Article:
When you've got to go, you've got to go.
Vancouver residents have spent more time at home to avoid being exposed to the novel coronavirus, which was declared a pandemic-level threat this March.
But for those without a home, avoiding potential carriers of COVID-19 in public and maintaining good hygiene to stave off the virus is proving far from easy.
Vancouver City Councillor Christine Boyle says the lack of public washrooms has long been a problem in the coastal city of 2,095 homeless residents.
“I’m very aware of how many people that are homeless would go to places like the library, public rec centres, or local businesses” to use the washroom, said Boyle.
Now, as a result of the pandemic, the closure of city recreation centres and facilities has led to public spaces – like parks and school grounds – becoming washrooms.
Strathcona resident Dr. Sophie Low-Beer was disappointed after human excrement was found on the premises of her son’s elementary school last week.
“Issues [of homelessness] are here to stay sadly, but as a society, we need to help them the best we can,” Low-Beer told Vancouver Is Awesome.
Boyle said city councillors have received numerous complaints of people using bushes or sidewalks in Yaletown and downtown neighbourhoods “because they have no other option.”
“When we don't have public washrooms, people use other public spaces and we’re paying for the clean up of that anyways,” she added.
Continuing to advocate for (⬆️ funding for) public washrooms, as an issue of dignity and justice. In today’s Capital Plan discussions.🚽— Christine Boyle (@christineeboyle) September 16, 2020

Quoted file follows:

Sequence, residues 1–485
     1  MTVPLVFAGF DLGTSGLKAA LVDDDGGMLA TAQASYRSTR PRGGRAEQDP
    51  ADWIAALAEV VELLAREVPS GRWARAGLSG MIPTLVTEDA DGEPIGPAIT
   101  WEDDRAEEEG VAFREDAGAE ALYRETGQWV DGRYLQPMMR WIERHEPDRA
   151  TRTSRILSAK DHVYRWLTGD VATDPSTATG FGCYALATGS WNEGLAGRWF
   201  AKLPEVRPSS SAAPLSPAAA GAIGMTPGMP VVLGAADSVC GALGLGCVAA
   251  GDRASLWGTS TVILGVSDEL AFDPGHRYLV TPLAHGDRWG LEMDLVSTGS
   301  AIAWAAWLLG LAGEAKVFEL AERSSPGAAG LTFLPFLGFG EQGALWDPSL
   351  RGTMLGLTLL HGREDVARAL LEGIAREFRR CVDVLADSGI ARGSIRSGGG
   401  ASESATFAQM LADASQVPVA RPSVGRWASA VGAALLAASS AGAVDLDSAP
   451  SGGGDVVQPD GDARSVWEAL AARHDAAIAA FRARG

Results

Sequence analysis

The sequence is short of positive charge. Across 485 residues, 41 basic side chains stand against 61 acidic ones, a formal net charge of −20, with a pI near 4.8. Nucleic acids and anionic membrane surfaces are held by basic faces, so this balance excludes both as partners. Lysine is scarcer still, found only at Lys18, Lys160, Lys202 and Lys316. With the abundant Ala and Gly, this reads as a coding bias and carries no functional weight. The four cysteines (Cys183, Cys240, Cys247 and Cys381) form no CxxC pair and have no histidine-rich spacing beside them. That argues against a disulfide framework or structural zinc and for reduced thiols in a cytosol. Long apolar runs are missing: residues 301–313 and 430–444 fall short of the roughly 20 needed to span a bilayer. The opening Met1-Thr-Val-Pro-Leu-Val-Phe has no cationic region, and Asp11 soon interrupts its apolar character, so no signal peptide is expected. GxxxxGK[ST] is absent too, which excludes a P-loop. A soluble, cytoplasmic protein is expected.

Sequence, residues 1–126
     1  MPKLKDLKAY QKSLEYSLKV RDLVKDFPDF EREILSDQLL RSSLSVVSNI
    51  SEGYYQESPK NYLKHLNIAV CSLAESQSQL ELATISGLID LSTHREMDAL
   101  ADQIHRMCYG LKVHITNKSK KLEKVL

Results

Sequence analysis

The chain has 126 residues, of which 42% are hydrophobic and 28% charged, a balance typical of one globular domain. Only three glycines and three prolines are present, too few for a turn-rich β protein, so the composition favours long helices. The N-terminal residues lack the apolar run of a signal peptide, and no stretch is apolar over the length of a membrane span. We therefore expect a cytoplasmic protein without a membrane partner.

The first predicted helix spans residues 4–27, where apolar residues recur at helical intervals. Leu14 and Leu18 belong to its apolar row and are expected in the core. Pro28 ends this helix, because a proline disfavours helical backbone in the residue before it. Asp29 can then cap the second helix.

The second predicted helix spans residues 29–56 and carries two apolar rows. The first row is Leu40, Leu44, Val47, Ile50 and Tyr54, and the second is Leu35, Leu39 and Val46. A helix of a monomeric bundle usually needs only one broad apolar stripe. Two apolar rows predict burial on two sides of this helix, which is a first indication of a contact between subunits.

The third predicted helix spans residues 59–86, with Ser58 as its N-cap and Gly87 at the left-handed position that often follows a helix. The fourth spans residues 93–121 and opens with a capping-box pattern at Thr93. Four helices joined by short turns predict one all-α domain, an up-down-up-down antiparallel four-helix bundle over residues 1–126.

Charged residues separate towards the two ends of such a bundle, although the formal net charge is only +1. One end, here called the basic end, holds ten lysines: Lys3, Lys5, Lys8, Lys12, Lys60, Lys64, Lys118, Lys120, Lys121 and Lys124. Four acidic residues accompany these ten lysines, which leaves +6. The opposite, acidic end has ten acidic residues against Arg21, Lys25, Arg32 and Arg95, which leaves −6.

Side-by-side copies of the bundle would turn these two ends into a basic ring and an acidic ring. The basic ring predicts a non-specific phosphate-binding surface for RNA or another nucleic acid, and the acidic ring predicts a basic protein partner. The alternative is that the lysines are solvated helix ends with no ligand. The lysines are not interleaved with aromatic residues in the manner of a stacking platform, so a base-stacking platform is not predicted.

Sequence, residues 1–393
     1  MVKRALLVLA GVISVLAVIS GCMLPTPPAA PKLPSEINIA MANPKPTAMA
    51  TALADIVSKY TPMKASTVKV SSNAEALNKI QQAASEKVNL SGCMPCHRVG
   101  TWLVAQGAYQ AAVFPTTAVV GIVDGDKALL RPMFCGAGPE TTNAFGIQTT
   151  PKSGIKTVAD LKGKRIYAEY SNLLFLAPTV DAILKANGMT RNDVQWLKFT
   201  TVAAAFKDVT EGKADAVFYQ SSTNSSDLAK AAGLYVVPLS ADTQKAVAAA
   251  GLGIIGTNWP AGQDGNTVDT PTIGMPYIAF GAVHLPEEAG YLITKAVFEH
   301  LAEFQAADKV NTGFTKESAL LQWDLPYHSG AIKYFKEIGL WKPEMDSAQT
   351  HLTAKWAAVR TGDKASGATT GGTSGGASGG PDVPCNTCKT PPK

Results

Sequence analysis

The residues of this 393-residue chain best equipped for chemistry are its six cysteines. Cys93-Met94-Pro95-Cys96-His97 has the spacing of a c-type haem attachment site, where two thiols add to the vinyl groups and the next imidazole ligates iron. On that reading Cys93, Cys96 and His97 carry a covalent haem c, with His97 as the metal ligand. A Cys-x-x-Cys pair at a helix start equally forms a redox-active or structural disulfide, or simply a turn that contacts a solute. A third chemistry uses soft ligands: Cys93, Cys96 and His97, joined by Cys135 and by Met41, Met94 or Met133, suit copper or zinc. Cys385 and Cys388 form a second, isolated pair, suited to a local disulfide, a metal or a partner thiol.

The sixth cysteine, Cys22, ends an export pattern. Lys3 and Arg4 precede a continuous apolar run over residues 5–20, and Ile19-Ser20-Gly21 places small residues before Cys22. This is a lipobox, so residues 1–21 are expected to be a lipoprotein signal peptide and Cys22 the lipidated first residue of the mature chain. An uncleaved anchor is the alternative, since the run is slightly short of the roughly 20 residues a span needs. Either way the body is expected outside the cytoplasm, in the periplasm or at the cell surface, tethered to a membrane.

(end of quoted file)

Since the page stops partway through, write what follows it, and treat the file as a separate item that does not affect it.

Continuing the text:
(Curious you learn more? Last year @bychrischeung wrote in @TheTyee about why #publicwashrooms matter: https://t.co/zJVAQDmqC7) #vanpoli https://t.co/Cs32cDcc2N pic.twitter.com/TeCd5s9l0J
City council met on Sept. 15 and 16 to recalibrate the 2021 capital budget in light of the ongoing coronavirus pandemic.
“Our capital budget line item for [permanent] public washrooms in the Downtown Eastside, totalling $1.1-million, wasn't an item that got cut,” Boyle said, relieved.
The project includes planning and design phases for the renewal of two Hastings Street washrooms in the DTES (at Main and Hamilton streets).
“I still hope that we might increase it more,” she told Vancouver Is Awesome.
In early March, when the pandemic first shuttered public facilities and businesses alike, the City of Vancouver installed porta potties around the DTES.
Last week we installed three temporary washroom trailers in the Downtown Eastside and Kingsway to help provide safe and...Posted by City of Vancouver - Local Government on Monday, June 1, 2020
Soon after, in May, the municipality then partnered with WISH – a non-profit that assists women in the Downtown Eastside – to install a temporary, 24-hour restroom trailer.
The trailer gave people living on the streets of the DTES a place to wash their hands. Two more like it were added in the DTES area, but neither are open 24 hours a day.
“The trailer option was much faster than more permanent washrooms,” Boyle explained, claiming there’s more that needs to be done.
Transit stations need public washroom facilities, she said, including six new Broadway subway stations planned to provide transit service from East Vancouver to the Arbutus area.
“It's a question of whether we allow for basic dignity and set up facilities that meet the needs people have,” Boyle said.
It was in February when Boyle and councillor Michael Wiebe first motioned for council “to recognize and affirm that access to water and sanitation services are “fundamental human rights.”
The motion passed unanimously.